A report by the CDC has revealed that life expectancy in the U.S. fell by one year in the first half of 2020, dropping to 77.8 years.
A dire situation is quickly turning worse in Czech Republic as 15,000 new coronavirus cases were reported on Tuesday which is the highest daily recorded since early January. The Czech Republic is dealing with the fastest spread rate in Europe, six times larger than Germany. Patients hospitalized with COVID-19 have reached a record 1,389 in the country, creating a shortage in spare beds. Patients have had to be transferred out in some hospitals due to the shortage, according to Reuters. Prime Minister Andrej Babis warned restrictions must tighten to prevent a catastrophe in hospitals. More than 1.15 million cases of the coronavirus have impacted the country since the pandemic began.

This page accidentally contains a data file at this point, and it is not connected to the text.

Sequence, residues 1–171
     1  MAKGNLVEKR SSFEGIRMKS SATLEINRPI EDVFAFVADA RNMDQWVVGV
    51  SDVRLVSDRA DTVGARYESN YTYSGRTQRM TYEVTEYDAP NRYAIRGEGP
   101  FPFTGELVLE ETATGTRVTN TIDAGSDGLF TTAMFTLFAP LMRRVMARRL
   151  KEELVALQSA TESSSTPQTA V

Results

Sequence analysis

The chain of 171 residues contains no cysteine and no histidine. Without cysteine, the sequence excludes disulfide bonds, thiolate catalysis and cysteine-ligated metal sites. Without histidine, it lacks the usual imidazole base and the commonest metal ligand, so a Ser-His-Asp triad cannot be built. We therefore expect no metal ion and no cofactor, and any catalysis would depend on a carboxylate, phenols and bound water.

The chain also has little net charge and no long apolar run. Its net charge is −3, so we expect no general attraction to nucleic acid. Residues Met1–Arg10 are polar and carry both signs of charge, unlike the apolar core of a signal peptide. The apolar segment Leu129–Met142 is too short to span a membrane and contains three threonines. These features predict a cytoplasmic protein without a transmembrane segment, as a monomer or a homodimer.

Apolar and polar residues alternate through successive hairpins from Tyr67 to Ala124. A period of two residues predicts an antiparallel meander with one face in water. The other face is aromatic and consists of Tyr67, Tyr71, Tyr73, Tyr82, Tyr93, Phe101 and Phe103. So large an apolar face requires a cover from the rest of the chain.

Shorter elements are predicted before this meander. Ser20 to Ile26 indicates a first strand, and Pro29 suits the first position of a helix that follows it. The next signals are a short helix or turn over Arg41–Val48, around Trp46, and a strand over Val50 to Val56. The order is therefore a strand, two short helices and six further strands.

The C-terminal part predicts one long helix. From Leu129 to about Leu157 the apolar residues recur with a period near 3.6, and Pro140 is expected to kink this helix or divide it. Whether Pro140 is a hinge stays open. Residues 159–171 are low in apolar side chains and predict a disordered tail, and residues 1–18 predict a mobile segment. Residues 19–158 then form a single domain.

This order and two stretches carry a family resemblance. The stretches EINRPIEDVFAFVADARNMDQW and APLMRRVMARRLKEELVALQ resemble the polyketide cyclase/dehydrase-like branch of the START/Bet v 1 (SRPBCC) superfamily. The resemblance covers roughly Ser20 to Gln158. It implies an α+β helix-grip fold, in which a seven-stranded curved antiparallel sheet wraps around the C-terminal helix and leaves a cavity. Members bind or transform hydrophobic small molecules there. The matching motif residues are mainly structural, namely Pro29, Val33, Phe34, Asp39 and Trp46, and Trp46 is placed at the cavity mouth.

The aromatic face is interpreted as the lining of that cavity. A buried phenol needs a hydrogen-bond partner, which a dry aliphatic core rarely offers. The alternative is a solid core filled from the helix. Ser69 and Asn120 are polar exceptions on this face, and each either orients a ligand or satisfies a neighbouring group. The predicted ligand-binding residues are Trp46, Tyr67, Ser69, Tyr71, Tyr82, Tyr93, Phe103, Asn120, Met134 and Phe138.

The phased reopening of schools across Scotland started this week as the youngest students returned for in-person instruction for the first time since Christmas break. "There will likely be cases emerging in schools over the next few weeks but the vast majority of schools should be fine, and that we have to keep perspective on,” Prof Devi Sridhar, chairwoman of global public health at Edinburgh University, told BBC Good Morning Scotland. More and more students will gradually return to the classroom in the coming weeks, but the BBC reported that all students may not be back at school until the second half of March. "We will move as quickly as we possibly can do but we have to do it within the scientific and clinical advice that is available to us,” said Education Secretary John Swinney. This phased reopening of schools in Scotland is different than in England, where all students are set to return for in-person classes on March 8.